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I am considering to write a handbook on a certain subject. I will use concepts and methods used in other books to write this.

So, nearly 80% content will come from other books which are bestsellers in this field. I will just tweak the content to explain concepts in more understandable form.

I will make paperback and ebook available for free.

So my question is should I ask permission from publications I am referencing this book from.

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There is no copyright on ideas. You can retell the ideas from other books freely, as long as you are actually creating new words to describe those ideas from scratch.

If you are taking chunks of text from other books and editing them for clarity, on the other hand, you would need permission, and you almost certainly won't be granted it.

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  • I have no legal background, but it seems more of a grey area. OP's question was about non-literary texts. Still, can I for example start publishing my own X-men derivative comics tomorrow? If not - why? Aren't characters and world settings just ideas? – ndnenkov May 4 '17 at 12:43
  • @ndn Now you are talking about derivative works, which are protected by law. X-Men are a literary idea and that has protections. The best way to clean stuck on foods is a practical idea and is not protected. There are also questions of trademark infringement to consider in cases like this. But the fact is, this is all grey area. The rules themselves are clear enough, but there is a huge gray area when it comes to deciding if a particular work infringes or not, which is why publishers (Amazon included) will insist on your staying miles away from the grey area. – user16226 May 4 '17 at 13:24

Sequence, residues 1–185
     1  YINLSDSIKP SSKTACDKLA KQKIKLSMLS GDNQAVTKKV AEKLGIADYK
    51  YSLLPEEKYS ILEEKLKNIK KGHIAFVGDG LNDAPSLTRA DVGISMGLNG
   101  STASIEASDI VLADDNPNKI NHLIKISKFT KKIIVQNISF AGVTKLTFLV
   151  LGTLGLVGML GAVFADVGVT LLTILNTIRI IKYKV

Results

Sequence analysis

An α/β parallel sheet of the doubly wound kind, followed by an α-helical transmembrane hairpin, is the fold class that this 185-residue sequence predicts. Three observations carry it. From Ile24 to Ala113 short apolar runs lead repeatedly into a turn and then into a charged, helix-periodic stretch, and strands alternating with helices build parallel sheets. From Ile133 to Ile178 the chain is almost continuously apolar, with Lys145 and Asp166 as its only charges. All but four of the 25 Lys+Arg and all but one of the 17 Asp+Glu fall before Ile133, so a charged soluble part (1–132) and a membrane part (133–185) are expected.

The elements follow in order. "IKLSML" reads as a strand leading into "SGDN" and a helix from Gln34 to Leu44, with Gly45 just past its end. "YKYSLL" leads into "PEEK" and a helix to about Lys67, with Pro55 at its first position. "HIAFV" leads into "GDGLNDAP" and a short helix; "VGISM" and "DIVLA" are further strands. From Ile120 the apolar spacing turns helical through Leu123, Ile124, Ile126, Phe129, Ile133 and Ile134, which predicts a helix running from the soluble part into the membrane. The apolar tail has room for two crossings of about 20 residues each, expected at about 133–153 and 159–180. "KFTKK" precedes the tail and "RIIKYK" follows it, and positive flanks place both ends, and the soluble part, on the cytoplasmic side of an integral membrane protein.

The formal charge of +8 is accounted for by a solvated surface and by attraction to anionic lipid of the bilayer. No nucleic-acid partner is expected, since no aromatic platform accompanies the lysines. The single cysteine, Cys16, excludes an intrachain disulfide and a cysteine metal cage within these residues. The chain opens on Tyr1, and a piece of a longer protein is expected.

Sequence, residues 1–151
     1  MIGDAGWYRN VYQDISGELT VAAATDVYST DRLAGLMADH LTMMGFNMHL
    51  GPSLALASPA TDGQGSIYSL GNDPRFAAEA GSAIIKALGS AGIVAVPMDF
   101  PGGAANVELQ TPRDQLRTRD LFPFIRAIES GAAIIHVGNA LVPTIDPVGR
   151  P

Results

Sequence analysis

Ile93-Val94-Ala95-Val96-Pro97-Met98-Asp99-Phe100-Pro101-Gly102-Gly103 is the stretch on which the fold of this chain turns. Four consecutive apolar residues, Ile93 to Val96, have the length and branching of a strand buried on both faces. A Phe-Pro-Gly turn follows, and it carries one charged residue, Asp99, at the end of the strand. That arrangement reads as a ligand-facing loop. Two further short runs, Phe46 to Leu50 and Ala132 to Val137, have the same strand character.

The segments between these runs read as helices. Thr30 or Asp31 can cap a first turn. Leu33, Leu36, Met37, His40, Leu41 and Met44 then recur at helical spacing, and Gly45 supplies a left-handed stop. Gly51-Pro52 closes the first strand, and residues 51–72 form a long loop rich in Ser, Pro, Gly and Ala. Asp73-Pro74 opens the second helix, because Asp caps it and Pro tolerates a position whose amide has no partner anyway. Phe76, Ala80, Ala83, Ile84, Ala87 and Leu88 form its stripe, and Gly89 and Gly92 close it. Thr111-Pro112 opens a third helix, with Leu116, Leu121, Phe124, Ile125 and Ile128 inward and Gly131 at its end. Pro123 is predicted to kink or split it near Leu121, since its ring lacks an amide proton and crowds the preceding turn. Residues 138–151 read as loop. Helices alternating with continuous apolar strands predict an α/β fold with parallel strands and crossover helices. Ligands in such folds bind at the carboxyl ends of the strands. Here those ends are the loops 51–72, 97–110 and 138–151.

• Subject i am talking about is "Astrology". I deliberately not included it in question just to keep question open for wide audience who have similar questions. But if subject matters then can you elaborate more. And does non-profit venture plays any role? – HungryDB May 5 '17 at 7:55
  • @HungryDB. The subject makes no difference. Nor does the fact that it is a non-profit venture. – user16226 May 5 '17 at 11:22
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Standard disclaimer, I am not a lawyer. Having said that, I think there is a difference between reworking an idea that is pretty well known in the subject area (that is, if you pick up five books on astrology and four of them will at least mention the idea) versus reworking something that one particular author discussed that might be their innovation. If it is a generally known concept that you are explaining better, you are probably fine. If you are explaining that one author's special theory, I think you have to be a lot more careful. Give credit where credit is due, something like "as so-and-so explained in the-book-name..." With references, you won't run as much of a risk of unintentionally plagiarizing and may be sending some additional sales their way.

Also, I'm hoping that you are not only re-working material from elsewhere, but including your own innovations and insight -- value added.

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